Purpose: The goal of this study was to perform a retrospective review of arthroscopically treated osteochondral lesions of the talus (OCLTs) to determine their outcome and to analyze the correlation of 3 subjective outcome scoring systems for the ankle.
Methods: Between 1985 and 1999, 37 arthroscopic debridement or subchondral drilling procedures were performed on 33 ankles to treat OCLTs. The charts of these patients were reviewed for general demographic, preoperative, surgical, and postoperative information. Patients were sent a questionnaire that included 3 subjective outcome scoring systems: the Martin Score questionnaire; the Berndt and Harty scale; and the Single Assessment Numeric Evaluation (SANE) question. Twenty-eight people responded to the questionnaire. Twenty-four patients reported a history of trauma. There were 17 lesions on the medial aspect of the talus, 10 laterally, and 1 centrally. The lesions were classified according to their arthroscopic appearance. There were 7 stage I, 2 stage II, 10 stage III, and 9 stage IV lesions. After all data were analyzed, the Pearson product-moment correlation coefficient (r) and correlation of determination (r2) were performed among the 3 outcome scales.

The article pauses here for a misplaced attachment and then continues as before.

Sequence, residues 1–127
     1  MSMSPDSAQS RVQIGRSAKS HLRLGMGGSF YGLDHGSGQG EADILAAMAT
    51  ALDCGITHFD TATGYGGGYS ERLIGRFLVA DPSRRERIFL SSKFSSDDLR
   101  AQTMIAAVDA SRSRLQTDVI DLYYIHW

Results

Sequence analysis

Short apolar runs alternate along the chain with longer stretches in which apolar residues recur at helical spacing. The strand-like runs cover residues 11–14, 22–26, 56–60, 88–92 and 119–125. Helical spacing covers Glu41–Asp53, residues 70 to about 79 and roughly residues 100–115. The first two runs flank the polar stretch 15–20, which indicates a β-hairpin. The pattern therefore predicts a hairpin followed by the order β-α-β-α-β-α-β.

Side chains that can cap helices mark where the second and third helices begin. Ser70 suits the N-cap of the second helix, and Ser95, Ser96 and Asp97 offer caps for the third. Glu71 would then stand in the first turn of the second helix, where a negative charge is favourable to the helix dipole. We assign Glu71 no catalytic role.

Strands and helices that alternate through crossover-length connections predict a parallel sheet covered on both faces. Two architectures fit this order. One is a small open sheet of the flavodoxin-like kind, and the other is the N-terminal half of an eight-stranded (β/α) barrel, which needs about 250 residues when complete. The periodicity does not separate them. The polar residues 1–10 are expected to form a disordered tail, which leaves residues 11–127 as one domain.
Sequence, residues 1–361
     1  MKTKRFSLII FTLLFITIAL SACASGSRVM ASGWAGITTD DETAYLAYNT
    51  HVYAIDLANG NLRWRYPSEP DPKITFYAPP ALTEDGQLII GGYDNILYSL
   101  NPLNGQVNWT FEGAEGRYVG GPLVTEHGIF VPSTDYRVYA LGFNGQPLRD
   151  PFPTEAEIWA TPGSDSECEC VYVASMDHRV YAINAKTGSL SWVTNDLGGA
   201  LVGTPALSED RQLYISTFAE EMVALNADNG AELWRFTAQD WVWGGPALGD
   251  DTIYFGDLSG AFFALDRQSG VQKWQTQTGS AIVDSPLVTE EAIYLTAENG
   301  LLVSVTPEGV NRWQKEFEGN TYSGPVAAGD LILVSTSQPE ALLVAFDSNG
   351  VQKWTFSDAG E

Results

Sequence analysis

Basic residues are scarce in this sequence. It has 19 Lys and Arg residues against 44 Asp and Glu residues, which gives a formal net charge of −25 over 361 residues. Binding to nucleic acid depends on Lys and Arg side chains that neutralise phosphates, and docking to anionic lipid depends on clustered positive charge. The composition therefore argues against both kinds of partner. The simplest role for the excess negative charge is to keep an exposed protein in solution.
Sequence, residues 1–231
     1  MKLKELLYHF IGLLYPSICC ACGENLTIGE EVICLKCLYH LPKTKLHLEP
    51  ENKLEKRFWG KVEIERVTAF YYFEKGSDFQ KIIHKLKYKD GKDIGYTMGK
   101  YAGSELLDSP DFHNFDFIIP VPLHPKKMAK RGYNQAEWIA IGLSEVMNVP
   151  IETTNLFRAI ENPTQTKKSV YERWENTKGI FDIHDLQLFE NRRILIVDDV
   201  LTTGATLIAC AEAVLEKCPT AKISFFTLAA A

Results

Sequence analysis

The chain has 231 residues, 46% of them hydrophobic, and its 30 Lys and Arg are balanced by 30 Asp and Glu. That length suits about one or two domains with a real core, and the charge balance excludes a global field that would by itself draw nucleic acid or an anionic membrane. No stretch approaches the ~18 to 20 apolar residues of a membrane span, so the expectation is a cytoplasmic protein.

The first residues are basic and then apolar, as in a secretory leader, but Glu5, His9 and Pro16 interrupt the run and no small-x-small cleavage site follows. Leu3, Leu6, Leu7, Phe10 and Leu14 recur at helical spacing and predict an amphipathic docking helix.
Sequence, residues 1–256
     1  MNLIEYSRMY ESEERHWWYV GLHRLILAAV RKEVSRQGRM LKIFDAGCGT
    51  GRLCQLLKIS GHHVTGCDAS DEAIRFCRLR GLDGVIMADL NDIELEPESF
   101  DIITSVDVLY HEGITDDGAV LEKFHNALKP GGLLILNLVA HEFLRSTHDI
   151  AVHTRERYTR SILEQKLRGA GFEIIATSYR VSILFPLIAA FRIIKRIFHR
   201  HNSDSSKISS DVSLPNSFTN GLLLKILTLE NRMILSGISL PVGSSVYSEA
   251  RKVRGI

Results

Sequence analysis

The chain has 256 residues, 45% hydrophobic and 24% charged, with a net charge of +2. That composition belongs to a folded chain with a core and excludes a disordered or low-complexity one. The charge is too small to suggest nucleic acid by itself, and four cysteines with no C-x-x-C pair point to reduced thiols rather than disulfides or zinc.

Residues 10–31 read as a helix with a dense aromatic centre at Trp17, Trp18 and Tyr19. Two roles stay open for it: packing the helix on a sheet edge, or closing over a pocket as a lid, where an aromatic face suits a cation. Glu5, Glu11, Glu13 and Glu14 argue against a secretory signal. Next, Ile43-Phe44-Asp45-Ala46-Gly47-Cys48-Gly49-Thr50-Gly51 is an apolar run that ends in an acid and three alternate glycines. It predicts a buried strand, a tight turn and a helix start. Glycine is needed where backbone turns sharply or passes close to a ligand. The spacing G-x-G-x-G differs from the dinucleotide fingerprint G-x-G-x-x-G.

Results: The mean follow-up time was 66 months (range, 6-169 months). Outcome results varied according to the scoring system. Using the Berndt and Harty scale, 13 (46%) patients had good, 13 (46%) fair, and 2 (8%) poor results. According to the Martin Score, 1 patient (4%) had excellent, 10 (35%) good, 9 (32%) fair, and 8 (29%) had poor results. According to the SANE score, 5 patients (18%) had excellent, 8 (29%) good, 9 (32%) fair, and 6 (21%) had poor results. Seventeen patients reported some form of pain at follow-up examination. Analysis of variables, including age at operation, stage of the lesion, length of follow-up, and previous surgery revealed no statistical significance. All 3 scales showed positive correlations. Based on these outcome data, the Berndt and Harty scale showed good correlation with both the SANE and the Martin outcome systems (r =.81 and r =.69, respectively). The Martin Score showed moderate correlation with the SANE outcome system (r =.57).
Conclusions: The outcome results for our patient population were not as successful as has been previously reported. Our analysis showed positive correlation among the 3 subjective outcome systems. However, it remains difficult to compare these data with previous results secondary to the variety of outcome measures employed by previous reports in the literature.